Sign up for our daily Newsletter and stay up to date with all the latest news!

Subscribe I am already a subscriber

You are using software which is blocking our advertisements (adblocker).

As we provide the news for free, we are relying on revenues from our banners. So please disable your adblocker and reload the page to continue using this site.

Click here for a guide on disabling your adblocker.

Sign up for our daily Newsletter and stay up to date with all the latest news!

Subscribe I am already a subscriber
OP Agrinova Bio 2000:

"The soil is completely dry to a depth of 20 cm"

"Selling prices aren't high enough to cover the cost of growing the oranges, and the situation is exacerbated by too many small oranges, which makes them even harder to sell. The situation is that sales are moving slowly. We are seeing a decrease in consumption, including organic fruit. In general, people are consuming less fruit, but growers' prices have remained the same all these years. However, it is in the wholesale market that prices are too high in relation to what goes back to the producer," says Francesco Ancona, technical manager of the Sicilian OP Agrinova Bio 2000.

The 55 members of the cooperative cultivate a total area of 616 hectares, of which 55 % are citrus fruits, 10 % open field and greenhouse vegetables, 10 % orchards (including nuts), 5 % tropical fruits (mainly avocados, which are on the rise because of climate change), 5 % olives, and the remaining 15 % herbaceous crops. The average plantation has 10 acres. They are often multi-functional farms, with agro-tourism and/or educational services on the farm.

"Organic farms cannot break even on production and operating costs, which have risen sharply. The ongoing protests by farmers have also been a result of the increase in energy costs. In addition, there is a shortage of water resources in Sicily; there have been very few transfers of water supply from the reclamation consortia, and those with wells have had to increase water supply at the expense of electricity. Up to now, irrigation is taking place because of the drought, the reservoirs are dry, and the soil is dry. Soil samples taken from our farms show that the soil is completely dry to a depth of 20 centimeters - this is why Sicily has been declared a zone at risk of drought and desertification."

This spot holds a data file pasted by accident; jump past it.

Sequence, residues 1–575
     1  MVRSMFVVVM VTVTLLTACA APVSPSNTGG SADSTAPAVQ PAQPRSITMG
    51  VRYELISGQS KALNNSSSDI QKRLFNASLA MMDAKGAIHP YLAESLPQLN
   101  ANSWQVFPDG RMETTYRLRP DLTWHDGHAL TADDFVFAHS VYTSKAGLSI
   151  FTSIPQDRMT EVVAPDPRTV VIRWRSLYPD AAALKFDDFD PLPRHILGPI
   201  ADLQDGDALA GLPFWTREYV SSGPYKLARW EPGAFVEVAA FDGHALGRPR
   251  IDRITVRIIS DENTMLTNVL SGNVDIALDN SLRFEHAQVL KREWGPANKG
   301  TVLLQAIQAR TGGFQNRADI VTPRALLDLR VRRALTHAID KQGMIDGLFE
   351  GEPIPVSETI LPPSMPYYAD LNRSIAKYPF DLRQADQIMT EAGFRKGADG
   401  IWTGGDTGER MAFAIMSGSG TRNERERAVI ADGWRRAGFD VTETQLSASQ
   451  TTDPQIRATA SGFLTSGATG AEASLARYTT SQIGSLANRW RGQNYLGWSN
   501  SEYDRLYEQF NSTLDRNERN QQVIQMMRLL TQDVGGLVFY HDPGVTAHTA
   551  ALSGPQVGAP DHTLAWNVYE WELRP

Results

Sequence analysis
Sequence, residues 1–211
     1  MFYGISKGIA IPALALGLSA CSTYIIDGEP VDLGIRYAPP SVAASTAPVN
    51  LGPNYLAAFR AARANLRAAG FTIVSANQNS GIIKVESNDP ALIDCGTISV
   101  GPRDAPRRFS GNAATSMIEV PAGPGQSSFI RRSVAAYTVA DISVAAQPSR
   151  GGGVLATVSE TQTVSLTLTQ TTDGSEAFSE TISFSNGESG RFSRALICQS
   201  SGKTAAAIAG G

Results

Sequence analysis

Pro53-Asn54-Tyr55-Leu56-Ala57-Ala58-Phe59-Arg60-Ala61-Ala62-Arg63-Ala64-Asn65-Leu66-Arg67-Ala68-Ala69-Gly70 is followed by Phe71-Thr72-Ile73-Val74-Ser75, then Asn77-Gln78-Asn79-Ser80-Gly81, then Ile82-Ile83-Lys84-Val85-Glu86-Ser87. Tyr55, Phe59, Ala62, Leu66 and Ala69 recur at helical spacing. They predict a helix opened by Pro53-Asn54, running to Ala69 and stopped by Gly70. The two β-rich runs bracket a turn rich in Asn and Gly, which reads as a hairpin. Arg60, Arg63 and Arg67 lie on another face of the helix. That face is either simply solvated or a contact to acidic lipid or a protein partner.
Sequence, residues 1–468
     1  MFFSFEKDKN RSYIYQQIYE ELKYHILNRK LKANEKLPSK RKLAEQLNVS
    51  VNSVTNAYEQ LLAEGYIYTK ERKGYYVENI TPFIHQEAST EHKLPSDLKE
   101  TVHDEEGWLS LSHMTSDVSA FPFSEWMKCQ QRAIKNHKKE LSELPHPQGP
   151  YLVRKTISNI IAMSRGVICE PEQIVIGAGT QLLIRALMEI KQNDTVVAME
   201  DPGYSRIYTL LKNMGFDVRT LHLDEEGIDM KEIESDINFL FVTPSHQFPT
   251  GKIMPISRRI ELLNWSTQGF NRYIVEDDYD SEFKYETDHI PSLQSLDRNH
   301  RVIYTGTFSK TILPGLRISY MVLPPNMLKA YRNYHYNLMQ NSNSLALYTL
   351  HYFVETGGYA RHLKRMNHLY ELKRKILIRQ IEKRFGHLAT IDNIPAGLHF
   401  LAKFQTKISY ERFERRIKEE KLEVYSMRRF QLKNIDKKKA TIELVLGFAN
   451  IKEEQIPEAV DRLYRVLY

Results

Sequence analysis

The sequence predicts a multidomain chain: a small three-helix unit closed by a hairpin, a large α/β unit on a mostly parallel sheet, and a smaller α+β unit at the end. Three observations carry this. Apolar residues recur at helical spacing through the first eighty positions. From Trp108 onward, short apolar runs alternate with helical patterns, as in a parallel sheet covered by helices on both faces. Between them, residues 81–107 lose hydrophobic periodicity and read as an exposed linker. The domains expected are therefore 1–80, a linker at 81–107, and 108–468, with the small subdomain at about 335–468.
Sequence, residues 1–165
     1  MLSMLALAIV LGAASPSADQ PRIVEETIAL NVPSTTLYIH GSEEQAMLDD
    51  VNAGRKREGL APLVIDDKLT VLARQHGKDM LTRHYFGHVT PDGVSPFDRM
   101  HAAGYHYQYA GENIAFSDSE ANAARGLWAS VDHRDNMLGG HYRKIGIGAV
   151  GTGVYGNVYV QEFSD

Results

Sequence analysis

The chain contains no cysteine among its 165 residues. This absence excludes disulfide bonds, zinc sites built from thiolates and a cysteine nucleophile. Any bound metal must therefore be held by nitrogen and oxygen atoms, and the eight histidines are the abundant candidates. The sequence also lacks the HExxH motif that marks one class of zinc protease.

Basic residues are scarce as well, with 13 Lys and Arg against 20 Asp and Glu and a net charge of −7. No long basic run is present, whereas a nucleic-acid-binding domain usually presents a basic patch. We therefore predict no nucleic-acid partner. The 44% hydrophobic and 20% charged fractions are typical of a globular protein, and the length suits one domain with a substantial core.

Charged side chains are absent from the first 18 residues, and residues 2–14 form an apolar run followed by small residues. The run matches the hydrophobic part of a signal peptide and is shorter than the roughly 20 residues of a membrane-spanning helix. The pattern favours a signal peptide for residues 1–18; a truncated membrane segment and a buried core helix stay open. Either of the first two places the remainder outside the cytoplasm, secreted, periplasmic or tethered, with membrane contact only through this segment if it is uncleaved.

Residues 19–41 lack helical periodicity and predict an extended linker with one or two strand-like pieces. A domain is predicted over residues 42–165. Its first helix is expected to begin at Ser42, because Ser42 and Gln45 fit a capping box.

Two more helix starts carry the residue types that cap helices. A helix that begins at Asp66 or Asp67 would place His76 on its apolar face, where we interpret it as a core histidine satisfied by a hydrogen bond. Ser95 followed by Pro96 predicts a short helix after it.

"After several positive years, organic products have experienced a decline in sales, even in the crucial German market," explains Francesco Ancona. "Despite this trend, the market is holding up. We are not growing as fast as in the good years, but it is sustainable because consumers are attracted by the lower prices, which are now on a par with conventional products. We want to retain consumers through R&D, including traceability systems. The goal is to expand the market for our growers and, together with the organic sector, to break the 'famine theory' according to which the world's growing population cannot be fed if food is grown in a sustainable way."

Agrinova Bio 2000's distribution channels are specialized shops, local supermarkets and GAS Gruppi di Acquisto Solidale (Ethical Purchasing Groups). Since 2004, the cooperative has had a stand at the market in Acireale, in the province of Catania, where organic products can be bought directly from the member growers on a weekly basis. Some of the citrus fruit is also supplied to school canteens, and for several years now, there has been an online shop for Italian consumers, with delivery within 48 hours of the order being placed.

With a turnover of over €4 million, the cooperative sells 49% of its volume in Italy. The rest is exported to Belgium (19% of the value of exports), the United Kingdom (29%), Germany (9%), Switzerland (15%), France (26%) and the remaining 2% to other countries (Poland, Luxembourg and Greece).

For more information:
OP Agrinova Bio 2000
Via Anzalone, 12 bis/E
95024 Acireale (CT)
Tel.: (+39) 095 877811

Publication date: